On Wednesday, September 6, a small group of elementary-age children excitedly pushed open a pair of glass doors on the ground floor of the Metropolitan Museum of Art. They had just listened to several adults deliver speeches in advance of a preview event for The Met’s new children’s center, and the young visitors were among the first inside. Named 81st Street Studio, the free center will be accessible without purchase of a museum ticket and is intended to serve as a community hub, officially opening to the public this Saturday, September 9.
“This space is for New York City,” Heidi Holder, The Met’s chair of education, told Hyperallergic. Holder has been working to develop the space since she arrived at the museum in 2020, although the idea had been in the works before she started. She anticipates that most of the studio’s visitors will be families on weekends, school groups, and visitors on museum trips.
“It is an open space where you can create your own path,” Holder continued. “You can learn at your own pace. You can take risks, be curious, have fun, and discover things.”
The 3,500-square-foot center is filled with carefully designed interactive stations. Some of them are extremely high-tech, while others, like a building station stocked with cardboard, Velcro, and tape, are completely analog. Holder explained that the team worked to incorporate every sense besides taste — an installation at the front, for example, includes a wall paneled with materials ranging from cork to small logs and a small placard that reads “Touch and Smell.”
A music station is displayed on the opposite wall. Made in partnership with instrument brand Yamaha, the installation comprises a series of music-making devices that are somehow completely novel despite their simplicity. Children can pull open small drawer-like boxes to reveal an accordion that lets out an airy chime as the door slowly shuts and compresses the air inside of it. Nearby, three mallets accompany wooden blocks; wooden castanets line the wall and make a clacking sound as kids pull on them.
Holder explained that the studio focuses on the notion of materiality. One interactive digital station is designed to explain the difference between clay, metal, and wood. Images of objects in the museum’s collection, including a circa-20th-century cuneiform tablet and an 18th-century British teapot decorated with images of fossils, illustrate the lesson.
Darcy-Tell Morales, The Met’s educator in charge of teaching and learning, pointed out one of her favorite elements: A pair of tiny installations, titled “Subtle Magic,” comprising a circular screen with the image of an eye and a motion sensor camera. When someone leans in, the eye transforms into a close-up image of an artwork at The Met. As the person continues to look, the zoomed-in photo widens to a more complete view. A field guide provides children with a path through the actual museum.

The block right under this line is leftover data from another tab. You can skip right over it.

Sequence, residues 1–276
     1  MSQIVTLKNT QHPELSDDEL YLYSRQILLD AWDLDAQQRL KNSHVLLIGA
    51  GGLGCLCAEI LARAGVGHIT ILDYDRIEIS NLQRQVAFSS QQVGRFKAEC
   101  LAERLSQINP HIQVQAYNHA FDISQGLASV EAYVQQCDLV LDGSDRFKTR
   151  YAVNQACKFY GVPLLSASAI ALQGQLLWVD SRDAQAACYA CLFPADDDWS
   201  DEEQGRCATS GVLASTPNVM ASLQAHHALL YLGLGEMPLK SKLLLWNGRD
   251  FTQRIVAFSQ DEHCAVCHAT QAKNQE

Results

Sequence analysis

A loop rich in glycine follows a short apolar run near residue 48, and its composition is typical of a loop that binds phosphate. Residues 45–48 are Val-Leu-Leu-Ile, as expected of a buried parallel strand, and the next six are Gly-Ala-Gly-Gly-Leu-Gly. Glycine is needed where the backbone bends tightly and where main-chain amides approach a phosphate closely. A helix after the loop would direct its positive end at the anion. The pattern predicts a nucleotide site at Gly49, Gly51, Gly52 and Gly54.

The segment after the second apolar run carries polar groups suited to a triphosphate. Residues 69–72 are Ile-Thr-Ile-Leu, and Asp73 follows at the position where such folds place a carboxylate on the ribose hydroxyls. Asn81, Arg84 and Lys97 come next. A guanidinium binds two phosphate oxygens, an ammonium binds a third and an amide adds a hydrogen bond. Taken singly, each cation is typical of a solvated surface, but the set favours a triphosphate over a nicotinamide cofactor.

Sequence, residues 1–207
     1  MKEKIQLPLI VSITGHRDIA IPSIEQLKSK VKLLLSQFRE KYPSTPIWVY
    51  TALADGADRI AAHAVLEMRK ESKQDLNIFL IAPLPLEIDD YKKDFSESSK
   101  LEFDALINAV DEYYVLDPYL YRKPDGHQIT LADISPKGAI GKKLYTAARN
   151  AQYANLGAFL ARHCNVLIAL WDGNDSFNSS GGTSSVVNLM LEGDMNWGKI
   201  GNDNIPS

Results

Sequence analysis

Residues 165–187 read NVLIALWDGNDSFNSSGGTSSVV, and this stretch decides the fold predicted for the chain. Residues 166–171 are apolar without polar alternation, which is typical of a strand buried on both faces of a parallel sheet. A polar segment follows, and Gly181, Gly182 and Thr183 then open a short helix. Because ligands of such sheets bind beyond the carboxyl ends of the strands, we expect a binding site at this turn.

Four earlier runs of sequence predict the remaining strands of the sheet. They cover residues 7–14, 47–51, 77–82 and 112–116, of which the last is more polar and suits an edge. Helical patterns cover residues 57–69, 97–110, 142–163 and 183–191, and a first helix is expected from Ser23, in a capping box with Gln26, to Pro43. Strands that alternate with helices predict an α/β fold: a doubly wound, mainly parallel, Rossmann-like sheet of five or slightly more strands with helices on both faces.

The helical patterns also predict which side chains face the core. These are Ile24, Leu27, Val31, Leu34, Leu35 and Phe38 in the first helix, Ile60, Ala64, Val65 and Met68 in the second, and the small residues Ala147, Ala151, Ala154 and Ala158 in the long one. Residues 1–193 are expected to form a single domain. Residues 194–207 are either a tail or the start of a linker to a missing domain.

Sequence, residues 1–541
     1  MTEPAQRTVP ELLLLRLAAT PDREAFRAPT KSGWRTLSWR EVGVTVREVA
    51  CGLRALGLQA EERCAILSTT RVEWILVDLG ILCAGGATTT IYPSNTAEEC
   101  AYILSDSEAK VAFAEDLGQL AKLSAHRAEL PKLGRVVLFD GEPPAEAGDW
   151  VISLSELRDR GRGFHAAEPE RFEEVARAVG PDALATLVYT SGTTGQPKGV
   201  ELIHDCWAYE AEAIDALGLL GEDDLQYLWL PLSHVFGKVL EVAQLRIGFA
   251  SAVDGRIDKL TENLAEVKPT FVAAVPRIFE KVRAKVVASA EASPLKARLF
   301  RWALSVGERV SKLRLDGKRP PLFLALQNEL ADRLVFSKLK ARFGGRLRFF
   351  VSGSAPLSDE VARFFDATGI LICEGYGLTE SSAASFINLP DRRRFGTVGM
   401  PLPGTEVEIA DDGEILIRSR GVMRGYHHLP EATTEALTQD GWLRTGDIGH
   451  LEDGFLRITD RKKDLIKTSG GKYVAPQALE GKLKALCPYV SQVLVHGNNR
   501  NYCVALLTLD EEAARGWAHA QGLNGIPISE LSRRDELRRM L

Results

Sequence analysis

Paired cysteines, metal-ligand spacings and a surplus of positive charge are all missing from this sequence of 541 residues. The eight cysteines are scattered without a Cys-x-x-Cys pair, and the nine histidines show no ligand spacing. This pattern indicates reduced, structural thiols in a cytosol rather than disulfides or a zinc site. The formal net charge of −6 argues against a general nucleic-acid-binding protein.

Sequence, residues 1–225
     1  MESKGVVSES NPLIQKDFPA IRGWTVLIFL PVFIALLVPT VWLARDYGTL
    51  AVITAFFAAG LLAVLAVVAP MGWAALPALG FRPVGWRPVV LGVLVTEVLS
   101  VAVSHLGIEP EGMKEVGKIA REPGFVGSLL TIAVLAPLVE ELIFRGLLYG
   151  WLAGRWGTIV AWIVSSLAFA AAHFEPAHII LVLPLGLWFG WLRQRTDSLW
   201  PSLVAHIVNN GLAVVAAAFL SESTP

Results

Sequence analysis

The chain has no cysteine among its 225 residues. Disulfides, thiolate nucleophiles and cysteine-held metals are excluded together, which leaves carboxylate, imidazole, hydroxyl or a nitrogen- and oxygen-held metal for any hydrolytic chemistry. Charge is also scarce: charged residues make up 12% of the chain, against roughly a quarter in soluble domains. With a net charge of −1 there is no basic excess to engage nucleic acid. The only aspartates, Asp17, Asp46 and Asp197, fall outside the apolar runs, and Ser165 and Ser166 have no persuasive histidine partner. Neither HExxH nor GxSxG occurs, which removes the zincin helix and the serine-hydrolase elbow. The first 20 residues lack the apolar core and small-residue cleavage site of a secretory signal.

Toward the back of the 81st Street Studio, the installations center ideas about optics and light. A station named “The Ramble” features two upward-facing cameras that film a livestream projected onto two white walls. Using controls on a touchscreen, visitors can distort the image — mostly their own downward-looking faces — and change its coloring.
Morales pointed out the lighting throughout the entire space. When children sit in one of the room’s many nooks, perhaps to read one of the countless books that line its walls, a string of lights turns green. On a circular, sloped platform in the center of the room, light filters through a patterned ceiling to convey the appearance of sunlight glimmering through trees. In early September, the projection still shows the light of a summer sky; soon the pattern will change to mirror the skies of fall, then winter, then spring.
“I wonder how kids will notice that — will they notice it? Will they notice it when they come back? I’m so curious about that,” Morales said, noting that she was surprised when young visitors seemed to gravitate to these analog installations over the digital ones.
The light-drenched surface is cushioned, and a collection of round pillows dot its springy surface. At the preview event on Wednesday, September 6, children launched the pillows at each other and ran circles around the central pole, which, like almost everything in the enormous room, is padded for safety.
Morales pointed to how the space is being utilized in ways the designers (the museum, architecture firm Koko, digital design company Bluecadet, and Yahama) hadn’t anticipated.
“For example, he’s probably a little too old for this,” Morales said, gesturing toward a boy moving quickly around the cushioned centerpiece, “But he’s trying it, which is great.” The space was designed in part as a relaxing spot to read.
On Saturday, the 81st Street Studio will kick off with a public festival from noon to 5pm. The event will feature a jungle-themed number from professional musicians playing the Yamaha inventions in addition to games and crafts. After this weekend, the space will be open Thursdays through Tuesdays from 10am to 5pm.
“It’s a sense of wonder that I haven’t seen,” Morales said of kids’ and parents’ first entrance into the space. The studio opened for staff’s kids last week. “I think the adults are emulating whatever the kids are feeling when they walk in.”